Novelist Cormac McCarthy gives a fascinating interview to the Wall Street Journal in which he discusses, among other things, books, movies, God, cultural permanence, and ideas. At one point, the interview turns to the modern attention span, and how novelists must adapt:
WSJ: Does this issue of length apply to books, too? Is a 1,000-page book somehow too much?
CM: For modern readers, yeah. People apparently only read mystery stories of any length. With mysteries, the longer the better and people will read any damn thing. But the indulgent, 800-page books that were written a hundred years ago are just not going to be written anymore and people need to get used to that. If you think you’re going to write something like “The Brothers Karamazov” or “Moby-Dick,” go ahead. Nobody will read it. I don’t care how good it is, or how smart the readers are. Their intentions, their brains are different.
I think this is largely true — the only 800+ page non-thriller novels I’ve read tended to be old and Russian. The bite/byte-sized culture in which we operate today makes our attention spans struggle to hold beyond 140 characters, much less 140 pages (see Nicholas Carr’s “Is Google Making us Stupid“). Such indicators would not seem to bode well for Christians who claim to be a people of the book — a book which generally has over a thousand pages, thin paper and double-columns notwithstanding. Could there be any future for ideas that are bigger than a status update?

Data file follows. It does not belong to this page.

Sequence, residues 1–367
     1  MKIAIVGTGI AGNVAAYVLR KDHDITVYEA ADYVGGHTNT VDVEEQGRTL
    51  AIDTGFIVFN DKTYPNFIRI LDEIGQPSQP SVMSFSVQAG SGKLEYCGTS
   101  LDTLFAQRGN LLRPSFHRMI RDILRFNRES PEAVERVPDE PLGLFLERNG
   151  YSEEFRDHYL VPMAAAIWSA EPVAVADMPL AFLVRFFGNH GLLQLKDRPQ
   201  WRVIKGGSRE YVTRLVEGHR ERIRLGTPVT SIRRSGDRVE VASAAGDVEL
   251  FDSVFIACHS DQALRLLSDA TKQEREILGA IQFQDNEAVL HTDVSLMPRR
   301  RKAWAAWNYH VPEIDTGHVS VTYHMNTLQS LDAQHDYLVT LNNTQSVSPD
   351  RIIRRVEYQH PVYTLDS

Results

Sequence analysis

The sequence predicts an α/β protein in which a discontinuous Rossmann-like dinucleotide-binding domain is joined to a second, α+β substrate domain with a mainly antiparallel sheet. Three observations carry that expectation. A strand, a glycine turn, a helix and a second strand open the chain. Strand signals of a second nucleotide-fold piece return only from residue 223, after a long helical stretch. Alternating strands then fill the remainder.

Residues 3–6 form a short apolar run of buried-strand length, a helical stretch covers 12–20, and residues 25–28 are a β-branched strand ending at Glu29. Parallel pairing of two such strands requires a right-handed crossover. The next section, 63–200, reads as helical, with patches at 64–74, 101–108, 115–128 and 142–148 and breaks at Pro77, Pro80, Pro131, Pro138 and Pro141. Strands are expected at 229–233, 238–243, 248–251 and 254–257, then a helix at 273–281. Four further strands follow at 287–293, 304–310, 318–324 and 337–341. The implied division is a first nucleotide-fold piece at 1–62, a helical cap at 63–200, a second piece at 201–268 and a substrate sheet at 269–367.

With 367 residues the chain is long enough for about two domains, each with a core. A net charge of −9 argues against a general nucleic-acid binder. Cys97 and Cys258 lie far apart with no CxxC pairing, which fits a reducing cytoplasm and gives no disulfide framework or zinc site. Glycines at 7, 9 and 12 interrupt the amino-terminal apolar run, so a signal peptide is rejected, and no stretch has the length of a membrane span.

I don’t think we’re beyond hope. After all, Dostoevsky originally published The Brothers Karamazov serially, suggesting that even TV- and Internet-deprived nineteenth century Russians may have had to deal with enough competing distractions that precluded them from easily digesting a thousand-page tome (keeping warm in the winter comes to mind).
Sometimes we approach big ideas in bits and pieces, so as to make them easier to apprehend. But we likewise need ideas that can’t be so easily digested — the kind that apprehend us. The proliferation of small ideas won’t make the big ones go away.
So, to answer my own question, no — we don’t have to have to contextualize the Bible to a steady stream of Twittering tweets. We don’t even have to consign ourselves to pondering the truths of Bible verses floating distantly out of context. Most Christians I know who read the Bible successfully do so as part of a sustained, disciplined effort. They don’t necessarily see the whole picture as they view each piece, but over time, the whole is revealed. As Christ told us:
…The kingdom of God is as if a man should scatter seed on the ground. He sleeps and rises night and day, and the seed sprouts and grows; he knows not how. The earth produces by itself, first the blade, then the ear, then the full grain in the ear. But when the grain is ripe, at once he puts in the sickle, because the harvest has come. (Mark 4:26-28)
That said, I think I’ll go tweet this post.